China and the internet

In yesterday’s NYT there was a brilliant Q&A¬†about what it likes to work as a journalist for the NYT in China. Raymond Zhong moved to Beijing last year. He writes about articles mysteriously disappearing from the internet – he uses QuickTime Player to take screen recordings, and another site that converts YouTube videos into downloadable files – and says that “Reporting in an authoritarian country is a struggle of memory against forgetting. These tools help.”

When asked how does online consumerism like shopping and ordering food delivery differ there? How do you personally use these apps? Raymond goes onto an amusing scene of online shopping using the platform Taobao. On the platform he can buy all sorts of weird stuff, like latte cups shaped like skulls, wine glasses with built-in straw and Barbie dolls that serve as racks for slices of raw meat before they go into a hot pot. Seriously, people are making this stuff in China for most likely consumers in the US.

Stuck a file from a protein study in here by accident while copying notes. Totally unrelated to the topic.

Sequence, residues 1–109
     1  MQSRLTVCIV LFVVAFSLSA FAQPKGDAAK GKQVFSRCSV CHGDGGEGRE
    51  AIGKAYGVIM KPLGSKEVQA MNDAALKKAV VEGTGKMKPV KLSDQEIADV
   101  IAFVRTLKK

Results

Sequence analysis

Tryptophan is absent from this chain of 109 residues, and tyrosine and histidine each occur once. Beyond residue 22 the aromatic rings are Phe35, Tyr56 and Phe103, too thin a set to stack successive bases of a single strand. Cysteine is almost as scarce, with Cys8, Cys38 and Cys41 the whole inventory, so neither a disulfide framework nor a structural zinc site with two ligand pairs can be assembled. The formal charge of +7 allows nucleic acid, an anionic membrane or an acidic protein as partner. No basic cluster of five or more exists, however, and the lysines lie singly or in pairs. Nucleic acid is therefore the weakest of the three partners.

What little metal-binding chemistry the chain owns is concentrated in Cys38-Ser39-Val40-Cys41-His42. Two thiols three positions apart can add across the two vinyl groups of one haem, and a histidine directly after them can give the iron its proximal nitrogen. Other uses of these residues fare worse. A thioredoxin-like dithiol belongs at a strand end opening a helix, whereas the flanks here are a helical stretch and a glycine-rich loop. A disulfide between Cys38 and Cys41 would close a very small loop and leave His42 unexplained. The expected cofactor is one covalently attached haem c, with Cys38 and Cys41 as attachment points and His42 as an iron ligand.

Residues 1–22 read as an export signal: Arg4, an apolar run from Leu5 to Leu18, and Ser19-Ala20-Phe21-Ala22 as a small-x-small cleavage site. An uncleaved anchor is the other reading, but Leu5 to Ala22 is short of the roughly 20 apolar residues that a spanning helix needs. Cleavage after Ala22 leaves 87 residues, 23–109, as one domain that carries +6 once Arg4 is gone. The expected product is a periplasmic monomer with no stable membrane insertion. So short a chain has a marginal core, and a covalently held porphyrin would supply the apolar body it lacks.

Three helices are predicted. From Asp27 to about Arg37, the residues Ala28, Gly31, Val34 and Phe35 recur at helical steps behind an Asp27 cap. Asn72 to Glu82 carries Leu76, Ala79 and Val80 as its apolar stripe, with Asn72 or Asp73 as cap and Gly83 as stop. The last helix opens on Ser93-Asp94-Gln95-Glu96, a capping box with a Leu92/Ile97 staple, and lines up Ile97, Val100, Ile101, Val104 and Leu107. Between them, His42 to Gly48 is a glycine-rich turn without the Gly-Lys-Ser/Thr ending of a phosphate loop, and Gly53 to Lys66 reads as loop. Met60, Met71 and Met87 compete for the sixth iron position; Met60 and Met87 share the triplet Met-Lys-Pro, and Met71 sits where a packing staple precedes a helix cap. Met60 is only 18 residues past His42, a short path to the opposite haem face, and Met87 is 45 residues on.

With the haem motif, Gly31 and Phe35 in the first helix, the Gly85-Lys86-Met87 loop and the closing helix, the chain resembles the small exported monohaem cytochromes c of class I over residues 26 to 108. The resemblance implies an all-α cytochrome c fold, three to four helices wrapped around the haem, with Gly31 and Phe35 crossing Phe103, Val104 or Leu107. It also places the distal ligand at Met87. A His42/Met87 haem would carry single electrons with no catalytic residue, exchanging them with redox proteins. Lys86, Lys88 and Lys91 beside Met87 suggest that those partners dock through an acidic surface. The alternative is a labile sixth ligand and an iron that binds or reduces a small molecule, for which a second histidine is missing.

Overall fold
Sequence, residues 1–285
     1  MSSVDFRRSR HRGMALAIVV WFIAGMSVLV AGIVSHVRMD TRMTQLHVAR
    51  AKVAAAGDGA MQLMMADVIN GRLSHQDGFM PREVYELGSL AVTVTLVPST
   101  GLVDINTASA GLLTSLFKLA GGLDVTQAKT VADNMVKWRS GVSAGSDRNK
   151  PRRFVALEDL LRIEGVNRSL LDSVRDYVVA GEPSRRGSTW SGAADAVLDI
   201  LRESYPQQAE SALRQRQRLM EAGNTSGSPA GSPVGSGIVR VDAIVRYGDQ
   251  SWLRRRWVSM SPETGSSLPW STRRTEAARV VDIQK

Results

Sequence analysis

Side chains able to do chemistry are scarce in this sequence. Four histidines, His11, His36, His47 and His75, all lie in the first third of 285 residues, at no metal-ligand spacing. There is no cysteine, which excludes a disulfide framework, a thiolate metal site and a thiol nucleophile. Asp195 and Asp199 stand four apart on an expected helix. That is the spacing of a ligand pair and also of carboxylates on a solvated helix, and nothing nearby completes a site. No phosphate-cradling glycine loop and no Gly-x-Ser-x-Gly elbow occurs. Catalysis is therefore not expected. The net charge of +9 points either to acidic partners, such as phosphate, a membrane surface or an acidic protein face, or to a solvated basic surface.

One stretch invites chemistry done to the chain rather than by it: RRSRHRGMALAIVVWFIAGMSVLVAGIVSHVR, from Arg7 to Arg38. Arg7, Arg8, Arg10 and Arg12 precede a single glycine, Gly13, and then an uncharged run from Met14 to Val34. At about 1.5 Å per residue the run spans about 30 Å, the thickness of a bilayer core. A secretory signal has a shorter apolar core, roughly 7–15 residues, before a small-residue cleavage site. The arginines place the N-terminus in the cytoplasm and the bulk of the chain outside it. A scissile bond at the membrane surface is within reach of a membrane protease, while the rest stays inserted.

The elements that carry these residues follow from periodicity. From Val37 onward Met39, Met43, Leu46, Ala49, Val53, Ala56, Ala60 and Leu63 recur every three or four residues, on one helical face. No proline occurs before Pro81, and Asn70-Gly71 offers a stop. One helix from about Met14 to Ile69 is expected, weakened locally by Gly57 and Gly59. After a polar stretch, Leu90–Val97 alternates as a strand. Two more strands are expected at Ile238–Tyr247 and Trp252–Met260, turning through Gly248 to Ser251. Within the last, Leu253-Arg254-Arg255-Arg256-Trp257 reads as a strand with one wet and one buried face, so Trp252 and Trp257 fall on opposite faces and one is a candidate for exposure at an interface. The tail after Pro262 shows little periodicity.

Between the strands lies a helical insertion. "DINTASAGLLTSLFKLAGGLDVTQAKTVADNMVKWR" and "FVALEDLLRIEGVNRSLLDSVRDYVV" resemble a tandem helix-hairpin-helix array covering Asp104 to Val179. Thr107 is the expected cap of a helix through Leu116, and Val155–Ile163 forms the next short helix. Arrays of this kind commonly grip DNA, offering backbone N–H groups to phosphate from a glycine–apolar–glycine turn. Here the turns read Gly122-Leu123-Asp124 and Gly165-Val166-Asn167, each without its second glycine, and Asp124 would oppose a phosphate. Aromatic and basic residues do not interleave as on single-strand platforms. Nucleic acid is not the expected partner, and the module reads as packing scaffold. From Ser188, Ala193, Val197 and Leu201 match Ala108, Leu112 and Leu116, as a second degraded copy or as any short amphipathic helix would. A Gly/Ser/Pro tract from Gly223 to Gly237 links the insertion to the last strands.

I wouldn’t normally blog about a journalist moving to a foreign country, but I find China to be so interesting – such a closed off country – and Raymond’s insights are probably the best I’ve come across. I sometimes like to think I have it rough, but really the only negatives I’ll get from an article – or source – is a few ranting emails and a bullish tweet.


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